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Thread: Still more from EP Class, 1977-85

  1. #1
    Team Member Smokin' Joe's Avatar
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    Default Still more from EP Class, 1977-85

    Allison XR-14 at Eufaula in 1979, an experimental boat made by Darris Allison. Four were made, only one survives (not this one). This one set the EP kilo record at 70.560 mph in 1980 (Waco, Tx.), the record was never broken. Motor and prop by McCauley.

    The XR-14 was an early prototype for the later larger Allison raceboats designed by Darris.

    Nr. 39, a ca. 1970 14' Allison, is still owned by Paul and is stored in one of his barns. That boat won GP at Eufaula in 1979. 853 ran a 1st and 4th (bad start, couldn't recover) in EP for overall 2nd.
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    Last edited by Ron Hill; 01-17-2013 at 10:30 PM.

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    Administrator Ron Hill's Avatar
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    Default Are Any of These Boats Still Around???

    Sure seems with gas prices where they are, that some smaller "FUN" boats and races have to be in the future!

    Any molds or boats around to copy?

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    Team Member Smokin' Joe's Avatar
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    Quote Originally Posted by Ron Hill View Post
    Sure seems with gas prices where they are, that some smaller "FUN" boats and races have to be in the future!

    Any molds or boats around to copy?
    Someone makes boats with Allison or Critchfield (a bastard version of an Allison) bottoms and own decks (or no deck) in S.C. for river racers.

    The old molds still exist at Allison in Louisville, Tenn., but cost is a problem. A 14' boat retailed for $2000 in 1982. The materials required to make one now cost over $10000. The systematic, easy credit-driven inflation of the last thirty years has changed everything.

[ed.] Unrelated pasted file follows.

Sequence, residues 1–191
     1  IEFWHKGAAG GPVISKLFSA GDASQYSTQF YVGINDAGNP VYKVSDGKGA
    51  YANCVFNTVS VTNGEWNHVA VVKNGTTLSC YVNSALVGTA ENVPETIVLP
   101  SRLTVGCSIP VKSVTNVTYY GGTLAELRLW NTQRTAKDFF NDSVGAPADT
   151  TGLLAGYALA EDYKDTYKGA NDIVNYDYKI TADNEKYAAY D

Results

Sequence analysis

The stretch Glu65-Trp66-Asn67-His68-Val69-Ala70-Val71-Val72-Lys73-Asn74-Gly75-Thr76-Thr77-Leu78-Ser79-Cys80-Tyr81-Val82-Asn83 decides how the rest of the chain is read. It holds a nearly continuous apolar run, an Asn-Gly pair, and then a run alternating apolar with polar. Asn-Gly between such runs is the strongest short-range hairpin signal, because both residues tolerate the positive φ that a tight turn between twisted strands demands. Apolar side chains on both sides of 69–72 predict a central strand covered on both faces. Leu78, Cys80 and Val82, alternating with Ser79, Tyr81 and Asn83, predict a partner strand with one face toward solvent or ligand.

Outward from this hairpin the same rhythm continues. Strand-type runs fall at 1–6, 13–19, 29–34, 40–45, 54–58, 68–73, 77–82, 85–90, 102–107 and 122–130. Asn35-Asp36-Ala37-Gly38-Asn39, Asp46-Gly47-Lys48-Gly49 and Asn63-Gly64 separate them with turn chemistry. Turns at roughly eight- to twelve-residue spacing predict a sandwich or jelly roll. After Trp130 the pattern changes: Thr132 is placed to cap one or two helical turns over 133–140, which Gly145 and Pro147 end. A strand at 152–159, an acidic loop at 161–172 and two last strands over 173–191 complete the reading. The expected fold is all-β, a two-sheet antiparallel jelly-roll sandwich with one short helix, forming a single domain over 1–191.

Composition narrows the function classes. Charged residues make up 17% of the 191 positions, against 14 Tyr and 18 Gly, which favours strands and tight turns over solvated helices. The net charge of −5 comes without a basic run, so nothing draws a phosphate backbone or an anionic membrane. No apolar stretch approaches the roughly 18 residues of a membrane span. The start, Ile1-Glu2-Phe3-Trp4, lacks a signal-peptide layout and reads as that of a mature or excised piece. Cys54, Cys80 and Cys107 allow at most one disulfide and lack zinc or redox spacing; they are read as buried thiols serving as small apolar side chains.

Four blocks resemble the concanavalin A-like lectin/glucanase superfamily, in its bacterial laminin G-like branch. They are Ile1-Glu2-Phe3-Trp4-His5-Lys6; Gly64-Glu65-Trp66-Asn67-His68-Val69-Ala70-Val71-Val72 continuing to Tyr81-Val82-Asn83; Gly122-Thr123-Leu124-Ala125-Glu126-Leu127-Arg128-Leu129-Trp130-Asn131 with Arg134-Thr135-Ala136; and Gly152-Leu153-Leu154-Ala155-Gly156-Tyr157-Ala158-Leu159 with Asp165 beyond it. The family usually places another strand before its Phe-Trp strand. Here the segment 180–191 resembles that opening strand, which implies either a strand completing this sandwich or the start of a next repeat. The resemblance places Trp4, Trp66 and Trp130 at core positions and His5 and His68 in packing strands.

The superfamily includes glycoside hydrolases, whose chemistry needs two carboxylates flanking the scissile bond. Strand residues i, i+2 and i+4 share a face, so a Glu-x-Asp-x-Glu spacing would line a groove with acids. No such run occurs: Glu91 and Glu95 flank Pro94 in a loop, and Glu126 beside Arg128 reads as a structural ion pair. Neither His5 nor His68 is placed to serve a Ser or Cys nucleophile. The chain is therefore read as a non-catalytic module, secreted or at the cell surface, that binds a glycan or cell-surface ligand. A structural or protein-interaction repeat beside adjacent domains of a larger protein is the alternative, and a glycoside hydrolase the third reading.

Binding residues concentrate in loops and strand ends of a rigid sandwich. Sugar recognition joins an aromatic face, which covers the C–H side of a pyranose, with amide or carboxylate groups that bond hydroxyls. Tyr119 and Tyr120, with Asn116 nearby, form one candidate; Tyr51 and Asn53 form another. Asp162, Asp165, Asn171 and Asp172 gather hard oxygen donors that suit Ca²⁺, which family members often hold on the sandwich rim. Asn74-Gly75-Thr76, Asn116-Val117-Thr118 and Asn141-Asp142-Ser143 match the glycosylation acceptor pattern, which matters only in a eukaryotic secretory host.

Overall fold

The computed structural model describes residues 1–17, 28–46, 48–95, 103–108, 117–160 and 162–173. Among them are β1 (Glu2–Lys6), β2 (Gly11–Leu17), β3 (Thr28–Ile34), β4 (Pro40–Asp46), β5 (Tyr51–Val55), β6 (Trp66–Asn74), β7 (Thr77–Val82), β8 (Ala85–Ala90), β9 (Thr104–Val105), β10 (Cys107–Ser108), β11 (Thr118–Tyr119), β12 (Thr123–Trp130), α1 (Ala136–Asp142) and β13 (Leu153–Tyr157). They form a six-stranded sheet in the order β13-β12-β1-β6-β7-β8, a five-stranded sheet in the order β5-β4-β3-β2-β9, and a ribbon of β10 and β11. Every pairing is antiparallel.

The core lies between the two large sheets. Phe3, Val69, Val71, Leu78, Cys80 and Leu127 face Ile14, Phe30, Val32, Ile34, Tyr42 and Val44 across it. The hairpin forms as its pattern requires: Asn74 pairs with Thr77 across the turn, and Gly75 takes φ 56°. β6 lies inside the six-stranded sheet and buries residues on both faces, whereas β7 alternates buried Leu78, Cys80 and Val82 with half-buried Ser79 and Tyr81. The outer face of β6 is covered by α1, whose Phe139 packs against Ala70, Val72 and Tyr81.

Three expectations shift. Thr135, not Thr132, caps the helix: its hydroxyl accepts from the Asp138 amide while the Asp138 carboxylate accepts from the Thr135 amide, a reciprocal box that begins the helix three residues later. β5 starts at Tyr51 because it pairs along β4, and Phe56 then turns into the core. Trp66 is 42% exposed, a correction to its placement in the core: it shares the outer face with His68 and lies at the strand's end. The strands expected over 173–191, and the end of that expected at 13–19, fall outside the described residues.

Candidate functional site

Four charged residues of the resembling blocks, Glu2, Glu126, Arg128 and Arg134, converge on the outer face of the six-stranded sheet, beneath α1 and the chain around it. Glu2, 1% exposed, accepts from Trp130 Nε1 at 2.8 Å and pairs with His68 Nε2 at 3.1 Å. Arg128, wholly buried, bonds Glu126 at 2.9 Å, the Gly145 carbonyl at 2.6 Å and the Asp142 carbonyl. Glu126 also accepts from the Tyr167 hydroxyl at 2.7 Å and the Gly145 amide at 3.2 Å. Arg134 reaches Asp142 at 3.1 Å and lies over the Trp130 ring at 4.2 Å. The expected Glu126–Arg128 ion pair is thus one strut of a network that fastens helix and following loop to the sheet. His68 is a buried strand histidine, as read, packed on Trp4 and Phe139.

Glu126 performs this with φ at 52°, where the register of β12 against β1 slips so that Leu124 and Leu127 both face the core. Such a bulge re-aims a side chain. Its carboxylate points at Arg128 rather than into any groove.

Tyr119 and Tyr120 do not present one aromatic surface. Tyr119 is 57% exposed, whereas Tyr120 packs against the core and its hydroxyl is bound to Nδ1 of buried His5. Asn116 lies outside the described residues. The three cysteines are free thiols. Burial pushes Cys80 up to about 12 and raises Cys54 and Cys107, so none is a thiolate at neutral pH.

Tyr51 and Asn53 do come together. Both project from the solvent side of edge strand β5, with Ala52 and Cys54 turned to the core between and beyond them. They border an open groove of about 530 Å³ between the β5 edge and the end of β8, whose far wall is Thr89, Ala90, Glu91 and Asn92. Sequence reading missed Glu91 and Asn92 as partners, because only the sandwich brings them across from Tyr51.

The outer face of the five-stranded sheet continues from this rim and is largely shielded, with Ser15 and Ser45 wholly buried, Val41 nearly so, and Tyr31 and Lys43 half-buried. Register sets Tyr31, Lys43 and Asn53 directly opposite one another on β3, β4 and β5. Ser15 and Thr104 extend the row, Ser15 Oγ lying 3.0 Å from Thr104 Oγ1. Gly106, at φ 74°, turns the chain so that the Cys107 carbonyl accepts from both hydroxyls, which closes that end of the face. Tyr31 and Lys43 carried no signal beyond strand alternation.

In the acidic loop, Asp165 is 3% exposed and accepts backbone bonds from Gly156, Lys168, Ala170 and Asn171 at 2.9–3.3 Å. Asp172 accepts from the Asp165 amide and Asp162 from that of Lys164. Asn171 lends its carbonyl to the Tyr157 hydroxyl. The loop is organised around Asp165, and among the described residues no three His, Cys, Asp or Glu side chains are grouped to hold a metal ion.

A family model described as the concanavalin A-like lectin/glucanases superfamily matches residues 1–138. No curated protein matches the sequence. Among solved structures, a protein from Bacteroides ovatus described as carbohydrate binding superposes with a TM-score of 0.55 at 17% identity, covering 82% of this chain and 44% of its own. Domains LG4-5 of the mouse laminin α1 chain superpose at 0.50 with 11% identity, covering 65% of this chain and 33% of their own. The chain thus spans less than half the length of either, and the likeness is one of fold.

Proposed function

APBA ha introduced a bad excuse of a v-class that includes 75 and 140 hp motors, no sprint gearcases are allowed, and transom heights are limited (!). I just looked at a German ADAC Class like Sport C (Tohatsu 40) where everyone has to run the same prop, prop modifications are illegal. The APBA Tri-Hull class is designed to prevent exceptional motors, boats and props (you can buy any rig on demand x nr. of $ after a race). We live in an age of rules and notions that I fail to identify with.

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    Sam Cullis Mark75H's Avatar
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    The Tri-hull claiming rule is long gone. I suspect some motors are quite "exceptional" these days. Originally, a junker Glastron was the preferred boat, now a custom made race version seems to be the best.
    Since 1925, about 150 different racing outboards have been made.


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    Team Member Smokin' Joe's Avatar
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    Quote Originally Posted by Mark75H View Post
    The Tri-hull claiming rule is long gone. I suspect some motors are quite "exceptional" these days. Originally, a junker Glastron was the preferred boat, now a custom made race version seems to be the best.
    Motor and prop can be claimed.

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    Sam Cullis Mark75H's Avatar